I knew that I would need to test my line to ensure that claims made were true. One of the characteristics that sets Splashgear apart from other brands is that I tested each garment in a pool before it was put on the market and that the line has safety, performance, and convenience features built-in. I credit my scientific training for helping me produce a technically superior modest swimwear line.
What is the best part about doing a side-Gig?
The customers. I am always tickled pink every single time I meet a customer or talk to one on the phone who shares her positive Splashgear swimwear experiences with me. Oftentimes, the swimsuit has literally changed their life! The only reason that I struggled so much to establish and maintain this company--the only reason all of my hard work, tears, and sweat even happened--is because of the customers. They really need and want Splashgear swimwear and they are the only reason that this company, or side-Gig, even exists.
What was the hardest part about starting a side-Gig? How would you advise others to address this? : There were a lot of challenges for me when starting up Splashgear because I had absolutely no business or website development experience or knowledge. The very first and most basic challenge was a practical one and that was setting up a website. I had no programming skills at all and I knew nothing about building a website. I had to figure out the details of setting up and troubleshooting an e-commerce website using computer programming. Keep in mind that these were the days before such user-friendly interfaces like Wix, Volusion, and Shopify.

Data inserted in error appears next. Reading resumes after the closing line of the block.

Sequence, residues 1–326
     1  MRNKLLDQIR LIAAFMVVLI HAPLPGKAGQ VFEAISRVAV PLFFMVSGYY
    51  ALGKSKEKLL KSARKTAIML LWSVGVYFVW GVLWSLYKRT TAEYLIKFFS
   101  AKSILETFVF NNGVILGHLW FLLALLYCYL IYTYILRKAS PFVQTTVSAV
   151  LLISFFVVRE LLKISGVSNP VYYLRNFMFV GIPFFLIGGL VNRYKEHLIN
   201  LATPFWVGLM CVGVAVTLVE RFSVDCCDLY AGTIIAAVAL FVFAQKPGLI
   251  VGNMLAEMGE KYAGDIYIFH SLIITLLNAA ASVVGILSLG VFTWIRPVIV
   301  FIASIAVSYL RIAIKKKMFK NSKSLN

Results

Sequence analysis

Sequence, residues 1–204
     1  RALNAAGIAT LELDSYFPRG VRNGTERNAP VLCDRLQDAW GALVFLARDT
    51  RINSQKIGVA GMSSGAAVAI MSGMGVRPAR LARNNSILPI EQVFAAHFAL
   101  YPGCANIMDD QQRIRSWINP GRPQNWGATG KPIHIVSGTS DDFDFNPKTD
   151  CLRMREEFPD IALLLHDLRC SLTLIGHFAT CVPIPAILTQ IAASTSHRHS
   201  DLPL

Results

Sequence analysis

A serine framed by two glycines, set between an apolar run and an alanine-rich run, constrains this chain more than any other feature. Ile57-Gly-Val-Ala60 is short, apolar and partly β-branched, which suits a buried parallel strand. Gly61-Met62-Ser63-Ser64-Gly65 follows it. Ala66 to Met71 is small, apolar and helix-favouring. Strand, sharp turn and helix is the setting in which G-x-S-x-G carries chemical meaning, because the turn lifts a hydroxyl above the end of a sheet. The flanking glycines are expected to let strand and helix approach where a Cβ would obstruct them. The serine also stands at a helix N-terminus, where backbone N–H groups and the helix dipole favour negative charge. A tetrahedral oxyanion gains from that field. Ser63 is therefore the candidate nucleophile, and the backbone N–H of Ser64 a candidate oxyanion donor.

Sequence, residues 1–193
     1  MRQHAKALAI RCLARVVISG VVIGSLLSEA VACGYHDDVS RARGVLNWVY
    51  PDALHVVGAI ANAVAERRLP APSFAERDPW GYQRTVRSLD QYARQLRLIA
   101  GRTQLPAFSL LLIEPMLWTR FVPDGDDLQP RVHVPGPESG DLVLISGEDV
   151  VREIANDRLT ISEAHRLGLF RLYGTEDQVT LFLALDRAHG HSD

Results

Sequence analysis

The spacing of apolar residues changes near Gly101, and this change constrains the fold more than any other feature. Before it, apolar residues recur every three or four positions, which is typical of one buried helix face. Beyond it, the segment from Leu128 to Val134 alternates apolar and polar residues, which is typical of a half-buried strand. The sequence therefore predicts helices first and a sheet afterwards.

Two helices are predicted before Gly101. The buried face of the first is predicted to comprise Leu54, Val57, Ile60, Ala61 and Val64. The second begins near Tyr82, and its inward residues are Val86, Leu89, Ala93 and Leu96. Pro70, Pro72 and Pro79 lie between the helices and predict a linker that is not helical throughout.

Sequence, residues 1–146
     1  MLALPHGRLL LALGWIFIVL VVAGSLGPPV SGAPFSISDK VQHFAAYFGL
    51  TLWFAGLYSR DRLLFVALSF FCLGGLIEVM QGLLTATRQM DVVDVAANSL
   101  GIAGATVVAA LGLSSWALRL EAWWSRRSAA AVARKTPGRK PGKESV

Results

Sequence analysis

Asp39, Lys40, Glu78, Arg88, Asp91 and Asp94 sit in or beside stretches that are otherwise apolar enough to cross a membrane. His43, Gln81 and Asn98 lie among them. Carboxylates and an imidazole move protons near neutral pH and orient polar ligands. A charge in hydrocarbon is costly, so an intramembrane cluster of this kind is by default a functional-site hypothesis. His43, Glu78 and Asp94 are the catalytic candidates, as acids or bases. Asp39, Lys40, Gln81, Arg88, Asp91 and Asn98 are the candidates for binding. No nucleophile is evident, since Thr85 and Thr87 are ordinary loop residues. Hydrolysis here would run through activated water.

The other challenges were finding factories to manufacture the line. Having no formal training or knowledge about sewing garments, I learned 'on-the-job' basics from those in the industry including patternmakers, fabric suppliers, and sewing contractors. My classroom was literally the factory floor or a patternmaker's office. Some advice I would give to someone starting out on a side-Gig is to do thorough research and educate yourself on the field you want to side-Gig in. Take your time to prepare yourself to maximize your success, or at least your comfort. Seek out others who have expertise in the side-Gig you are interested in and learn from their successes and failures in order to avoid pitfalls, as much as possible.
How have you leveraged social media and the web to grow your side-Gig?
Not as much or as well as I should have been. In the beginning--way back in the earlier days of internet search and e-commerce--I saw how SEO (and more specifically, the Google search engine) was driving traffic to the Splashgear website; but then Google changed its algorithm over time and I wasn't able to keep up. I was working full-time, and keep in mind that modern social media platforms, such as Facebook, Twitter, and Instagram, didn't even exist then.
Getting on board the social media wagon when it arrived was very challenging due to a) lack of time (did I mention I was working full-time as a college professor?) and b) a lack of understanding about how to effectively use these new social media tools. Now that I have a better understanding of how to use social media, I am viewing it in a different perspective and stressing out about it much less than I did before.
Now I am viewing social media really more as a hobby where I can finally get out and do photography like I had wanted to earlier in my life, and share information with others that is still relevant to the Splashgear mission; but it's not about a 'hard sell', instead it will be more about "hey, check this out, isn't it cool?!" So, I aim to have fun with social media for my business while focusing on SEO and other related functions to drive sales, including blog articles and e-newsletters.